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Ecometrics Through Space and Time

November 19, 2015
4:00 pm - 5:00 pm

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Dr. Michelle Lawing  
Department of Ecosystem Science & Management Texas A&M University

Assistant Professor


Ecometrics are trait-­based measurements collected at the community level that relate to climatic, environmental, and ecosystem properties. Ecometrics are documented with modern data from distributions of traits within communities and distributions of abiotic conditions. These distributions are spatially explicit, thus variation in the ecometric and variation in the abiotic conditions may be geographically linked and analyzed. Well-­documented examples of ecometric relationships are hypsodonty-precipitation, leaf teeth-­temperature, carnivoran gear ratio-vegetation cover, and reptile body size‐temperature. Ecometrics play an important role in reconstructing paleoenvironments and more recently have played a role in documenting expected trajectories of change in trait distributions through time. In this talk, Dr. Lawing will describe how multiple ecometrics have been combined to provide a larger geographic extent for ecometric patterning and more refined estimates of vegetation cover. I will also show how a forward model of ecometric projection can be utilized to document patterns of global change. In fixed geographic locations throughout the Pleistocene, carnivoran gear ratio mean and standard deviation changed with similar direction and magnitude in ecometric space; however, in fixed geographic locations throughout the Anthropocene, snake relative tail length mean and standard deviation showed idiosyncratic deviations with multiple directions and magnitudes of vector change in ecometric space. The ecometric framework emerges particularly useful to traverse paleontology, neontology, conservation science, and global change biology because it is analyzed at the macro-­scale, but may be monitored and measured at local to regional scales. In addition, process-­based models of the mechanistic underpinnings that produce ecometric patterns are being developed.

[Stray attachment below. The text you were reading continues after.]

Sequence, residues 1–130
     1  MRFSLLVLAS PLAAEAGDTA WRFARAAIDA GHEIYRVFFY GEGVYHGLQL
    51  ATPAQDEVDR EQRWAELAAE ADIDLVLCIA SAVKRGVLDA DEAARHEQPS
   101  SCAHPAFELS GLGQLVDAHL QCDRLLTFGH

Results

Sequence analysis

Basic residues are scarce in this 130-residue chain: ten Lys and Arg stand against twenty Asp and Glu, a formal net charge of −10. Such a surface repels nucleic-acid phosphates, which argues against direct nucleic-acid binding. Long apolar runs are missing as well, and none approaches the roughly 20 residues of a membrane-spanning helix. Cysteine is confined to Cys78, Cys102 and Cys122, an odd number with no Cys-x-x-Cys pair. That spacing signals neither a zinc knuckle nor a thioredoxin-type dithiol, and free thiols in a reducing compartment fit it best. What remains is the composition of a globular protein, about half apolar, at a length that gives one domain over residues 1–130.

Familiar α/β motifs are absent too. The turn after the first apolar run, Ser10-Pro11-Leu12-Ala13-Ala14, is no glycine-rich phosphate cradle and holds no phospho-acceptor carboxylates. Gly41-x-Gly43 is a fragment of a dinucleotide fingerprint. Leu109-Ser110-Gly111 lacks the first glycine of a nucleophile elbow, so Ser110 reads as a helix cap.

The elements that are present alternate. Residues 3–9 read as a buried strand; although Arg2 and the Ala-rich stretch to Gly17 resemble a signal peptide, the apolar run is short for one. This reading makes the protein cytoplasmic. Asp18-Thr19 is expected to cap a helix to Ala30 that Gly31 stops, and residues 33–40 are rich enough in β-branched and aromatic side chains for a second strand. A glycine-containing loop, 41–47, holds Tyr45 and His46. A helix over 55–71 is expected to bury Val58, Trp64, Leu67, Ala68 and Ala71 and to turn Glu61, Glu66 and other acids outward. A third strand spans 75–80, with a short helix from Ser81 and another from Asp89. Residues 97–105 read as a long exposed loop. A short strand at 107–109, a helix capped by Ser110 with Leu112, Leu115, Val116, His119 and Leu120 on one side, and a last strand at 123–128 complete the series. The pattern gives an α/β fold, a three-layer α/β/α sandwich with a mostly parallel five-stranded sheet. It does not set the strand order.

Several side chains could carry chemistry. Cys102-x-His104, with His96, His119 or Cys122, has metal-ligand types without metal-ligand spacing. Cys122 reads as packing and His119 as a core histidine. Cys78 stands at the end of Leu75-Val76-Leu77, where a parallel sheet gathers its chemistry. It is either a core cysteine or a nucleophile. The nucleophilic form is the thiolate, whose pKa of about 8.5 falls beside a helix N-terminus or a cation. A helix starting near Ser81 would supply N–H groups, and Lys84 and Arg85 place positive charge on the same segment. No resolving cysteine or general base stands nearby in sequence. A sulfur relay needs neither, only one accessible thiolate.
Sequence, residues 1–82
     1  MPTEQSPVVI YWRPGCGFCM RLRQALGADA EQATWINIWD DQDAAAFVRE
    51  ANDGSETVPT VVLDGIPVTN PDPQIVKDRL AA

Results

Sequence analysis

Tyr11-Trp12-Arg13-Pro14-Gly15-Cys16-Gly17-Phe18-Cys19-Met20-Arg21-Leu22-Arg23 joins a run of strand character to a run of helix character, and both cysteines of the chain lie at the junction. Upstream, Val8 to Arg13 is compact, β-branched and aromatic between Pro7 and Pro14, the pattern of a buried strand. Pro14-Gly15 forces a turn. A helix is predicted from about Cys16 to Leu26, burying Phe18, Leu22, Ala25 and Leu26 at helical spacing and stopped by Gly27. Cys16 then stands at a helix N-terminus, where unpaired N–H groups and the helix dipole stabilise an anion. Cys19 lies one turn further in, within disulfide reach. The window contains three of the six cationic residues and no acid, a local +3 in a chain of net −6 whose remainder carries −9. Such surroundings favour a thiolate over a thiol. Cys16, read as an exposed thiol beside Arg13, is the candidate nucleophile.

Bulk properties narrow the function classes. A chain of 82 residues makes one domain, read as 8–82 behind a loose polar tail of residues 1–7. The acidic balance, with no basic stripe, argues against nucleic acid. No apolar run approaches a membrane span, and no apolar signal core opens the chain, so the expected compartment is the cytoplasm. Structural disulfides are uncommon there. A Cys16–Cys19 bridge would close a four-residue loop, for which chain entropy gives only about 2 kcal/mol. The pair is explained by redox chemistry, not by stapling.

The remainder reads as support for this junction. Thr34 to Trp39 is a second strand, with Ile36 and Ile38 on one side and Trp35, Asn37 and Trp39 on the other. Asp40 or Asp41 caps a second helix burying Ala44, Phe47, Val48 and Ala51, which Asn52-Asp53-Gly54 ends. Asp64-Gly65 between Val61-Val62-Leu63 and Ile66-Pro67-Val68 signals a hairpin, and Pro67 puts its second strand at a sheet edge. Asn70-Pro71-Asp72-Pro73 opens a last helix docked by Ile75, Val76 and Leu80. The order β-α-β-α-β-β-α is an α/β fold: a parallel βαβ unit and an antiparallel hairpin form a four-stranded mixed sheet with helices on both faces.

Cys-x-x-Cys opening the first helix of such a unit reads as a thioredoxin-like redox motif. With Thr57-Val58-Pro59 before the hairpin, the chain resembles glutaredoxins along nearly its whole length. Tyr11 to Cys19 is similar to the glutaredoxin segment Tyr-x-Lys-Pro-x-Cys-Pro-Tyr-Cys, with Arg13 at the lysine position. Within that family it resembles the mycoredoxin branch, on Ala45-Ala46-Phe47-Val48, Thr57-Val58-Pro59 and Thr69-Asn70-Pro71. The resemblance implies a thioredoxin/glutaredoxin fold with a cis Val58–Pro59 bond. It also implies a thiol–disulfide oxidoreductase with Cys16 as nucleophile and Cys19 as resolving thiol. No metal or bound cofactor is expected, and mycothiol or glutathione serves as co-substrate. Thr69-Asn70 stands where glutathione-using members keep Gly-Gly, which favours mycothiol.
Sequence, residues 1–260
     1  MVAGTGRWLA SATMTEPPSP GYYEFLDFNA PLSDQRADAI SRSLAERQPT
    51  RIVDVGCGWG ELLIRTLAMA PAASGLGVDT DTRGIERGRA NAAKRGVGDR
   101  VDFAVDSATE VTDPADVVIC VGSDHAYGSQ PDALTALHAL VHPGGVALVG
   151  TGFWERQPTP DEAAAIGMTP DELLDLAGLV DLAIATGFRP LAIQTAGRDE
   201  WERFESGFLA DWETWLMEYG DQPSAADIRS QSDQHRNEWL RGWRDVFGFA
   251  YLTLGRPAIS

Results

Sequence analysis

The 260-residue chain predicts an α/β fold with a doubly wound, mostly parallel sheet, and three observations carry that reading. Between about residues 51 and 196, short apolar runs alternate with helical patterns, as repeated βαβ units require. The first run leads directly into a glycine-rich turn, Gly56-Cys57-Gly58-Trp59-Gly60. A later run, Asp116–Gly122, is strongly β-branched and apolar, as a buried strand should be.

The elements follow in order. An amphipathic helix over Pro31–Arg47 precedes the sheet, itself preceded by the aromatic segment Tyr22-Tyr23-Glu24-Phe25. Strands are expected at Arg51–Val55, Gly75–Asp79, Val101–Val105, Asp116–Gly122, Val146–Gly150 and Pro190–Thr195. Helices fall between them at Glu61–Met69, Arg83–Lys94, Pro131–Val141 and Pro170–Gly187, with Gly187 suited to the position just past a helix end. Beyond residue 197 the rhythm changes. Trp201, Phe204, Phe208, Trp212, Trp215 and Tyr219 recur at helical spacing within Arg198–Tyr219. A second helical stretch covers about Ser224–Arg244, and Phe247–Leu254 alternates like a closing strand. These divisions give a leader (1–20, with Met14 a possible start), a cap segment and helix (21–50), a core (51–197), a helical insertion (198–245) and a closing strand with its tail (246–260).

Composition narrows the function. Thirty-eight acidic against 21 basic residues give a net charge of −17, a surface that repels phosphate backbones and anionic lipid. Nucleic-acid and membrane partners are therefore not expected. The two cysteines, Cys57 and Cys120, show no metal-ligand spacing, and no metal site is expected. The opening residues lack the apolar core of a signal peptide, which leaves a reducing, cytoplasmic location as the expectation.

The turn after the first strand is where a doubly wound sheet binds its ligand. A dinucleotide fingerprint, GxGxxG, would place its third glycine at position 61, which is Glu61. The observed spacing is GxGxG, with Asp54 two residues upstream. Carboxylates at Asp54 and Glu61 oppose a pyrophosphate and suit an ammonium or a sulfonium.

Dr. Lawing is an Assistant Professor in Spa5al Sciences in the Department of Ecosystem Science and Management. She uses methods and models from modern ecology and evolu5onary biology combined with evidence from the fossil record to inform our understanding of how species and communi5es respond to environmental change through 5me. Her work includes the inves5ga5on of geographic, evolu5onary, and morphological responses of species and communi5es to environmental changes in the Late Pleistocene and throughout the Miocene to present. She is involved in developing species distribu5on models (SDM), geometric morphometric methods (GMM), and phylogene5c compara5ve methods (PCM). Before becoming an Assistant Professor in Spa5al Sciences, Dr. Lawing was a postdoctoral fellow at the Na5onal Ins5tute for Mathema5cal and Biological Synthesis (NIMBioS) in Knoxville, TN and received her PhD in Ecology & Evolu5onary Biology and in Geological Sciences from Indiana University in Bloomington.


November 19, 2015
4:00 pm - 5:00 pm


Rudder Tower, Room 301